If the disease has progressed to more advanced stages, a special periodontal cleaning called scaling and root planing will be performed.  It is usually done one quadrant of the mouth at a time while the area is numb.  In this procedure, tartar, plaque, and toxins are removed from above and below the gum line (scaling) and rough spots on root surfaces are made smooth (planing).  This procedure helps gum tissue to heal and pockets to shrink. If the pockets do not heal after scaling and root planning, periodontal surgery may be needed to reduce pocket depths, making the teeth easier to clean.


 

the link below is a business, the title of the page hooked me in, and at first glance, curing mentions Coconut Oil and Oregano oil (oregano vulgare), which is sound good sense – read the article, and be a jolly good reader and give some feedback on the article in the comment below.

http://www.destroydiseases.com/Gum_Disease.html


 

Periodontal Pockets

 

Published on May 16, 2013

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Bleeding Gums are a sign of gingivitis and periodontitis. It starts with bad oral bacteria causing plaque and tartar in the mouth. The tartar buildup causes gum pockets to form, which leads to bacterial infection in those gum pockets.

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Bleeding gums can be a result of gum disease as previously mentioned, but it can also be a symptom accompanying canker sores or mouth ulcers which have their own causes aside from gum disease. If bleeding occurs due to a sore in the mouth you will likely notice that the gums are sore, and these can come as single sores or in multiples. Signs that may indicate gum disease or gingivitis may include the following:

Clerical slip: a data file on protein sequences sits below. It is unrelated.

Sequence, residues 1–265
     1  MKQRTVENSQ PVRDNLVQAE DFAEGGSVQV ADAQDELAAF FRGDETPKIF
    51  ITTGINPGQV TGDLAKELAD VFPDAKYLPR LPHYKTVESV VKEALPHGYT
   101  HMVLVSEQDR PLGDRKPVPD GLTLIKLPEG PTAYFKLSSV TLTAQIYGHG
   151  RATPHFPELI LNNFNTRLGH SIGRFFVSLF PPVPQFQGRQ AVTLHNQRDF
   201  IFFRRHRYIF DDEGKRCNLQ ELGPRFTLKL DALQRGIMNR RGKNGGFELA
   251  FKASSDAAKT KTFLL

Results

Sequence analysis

Sore gums
Swollen gums
Changes in the way teeth fit together
Formation of deep pockets between the teeth and gums
Gums that bleed during and after brushing teeth
Loose, or shifting teeth
Receding gums

There is much more to consider than just the pain or discomfort associated with the bleeding itself. It can often lead to gum disease. If there is a passageway for blood to exit your tissue, it makes sense that there would be a way for other things to enter the bloodstream. If this is the case, harmful bacteria that are formed in the mouth can gain access to your bloodstream and potentially cause a whole host of health problems. Some of the dangers that can eventually take place are:

Digestive system disorders
Respiratory problems
Higher risk for heart attack or stroke
Diabetes
Pancreatic cancer

The Major Cause of Bleeding Gums – Harmful Bacteria

Bacteria in the mouth can easily grow out of control, especially when proper oral hygiene is not being practiced, or the wrong oral care products are being used. When this happens, the bacteria form plaque, and eventually tartar. This will cause inflammation of the gums, along with swelling and bleeding. Bleeding can also occur as a result of improper flossing. Be careful to allow the floss to slide along the natural curves of the teeth, and do not force it.

Even when brushing and flossing regularly, you may be using products that are causing more harm than good. Commercial toothpastes and mouthwash are filled with potentially harmful ingredients.
Treating Bleeding Gums

We’ve previously discussed how bleeding gums can be related to gum disease, or other natural functions of the body. Here are a few ways to help treat, or control it if you’re suffering:

Establish a good oral hygiene program
Replace your commercial toothpaste and mouthwash with 100% pure oral products.
Eat a well balanced diet
Drink plenty of water
Do not use tobacco products
Be cautious about extremely hot or cold foods and beverages
Relax